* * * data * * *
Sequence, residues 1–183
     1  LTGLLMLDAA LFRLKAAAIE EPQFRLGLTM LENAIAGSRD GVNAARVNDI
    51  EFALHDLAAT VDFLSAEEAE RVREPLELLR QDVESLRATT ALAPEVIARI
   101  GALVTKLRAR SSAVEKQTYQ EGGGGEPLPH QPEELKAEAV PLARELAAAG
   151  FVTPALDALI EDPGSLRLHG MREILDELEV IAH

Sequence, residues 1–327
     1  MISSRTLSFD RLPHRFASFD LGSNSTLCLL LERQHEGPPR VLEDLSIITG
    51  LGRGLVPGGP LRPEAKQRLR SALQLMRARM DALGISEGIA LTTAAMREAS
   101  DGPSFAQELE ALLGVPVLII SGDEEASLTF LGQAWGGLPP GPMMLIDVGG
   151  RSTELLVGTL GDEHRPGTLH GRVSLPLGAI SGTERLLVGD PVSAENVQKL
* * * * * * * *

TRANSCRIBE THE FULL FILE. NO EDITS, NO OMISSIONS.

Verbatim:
Sequence, residues 1–183
     1  LTGLLMLDAA LFRLKAAAIE EPQFRLGLTM LENAIAGSRD GVNAARVNDI
    51  EFALHDLAAT VDFLSAEEAE RVREPLELLR QDVESLRATT ALAPEVIARI
   101  GALVTKLRAR SSAVEKQTYQ EGGGGEPLPH QPEELKAEAV PLARELAAAG
   151  FVTPALDALI EDPGSLRLHG MREILDELEV IAH

Sequence, residues 1–327
     1  MISSRTLSFD RLPHRFASFD LGSNSTLCLL LERQHEGPPR VLEDLSIITG
    51  LGRGLVPGGP LRPEAKQRLR SALQLMRARM DALGISEGIA LTTAAMREAS
   101  DGPSFAQELE ALLGVPVLII SGDEEASLTF LGQAWGGLPP GPMMLIDVGG
   151  RSTELLVGTL GDEHRPGTLH GRVSLPLGAI SGTERLLVGD PVSAENVQKL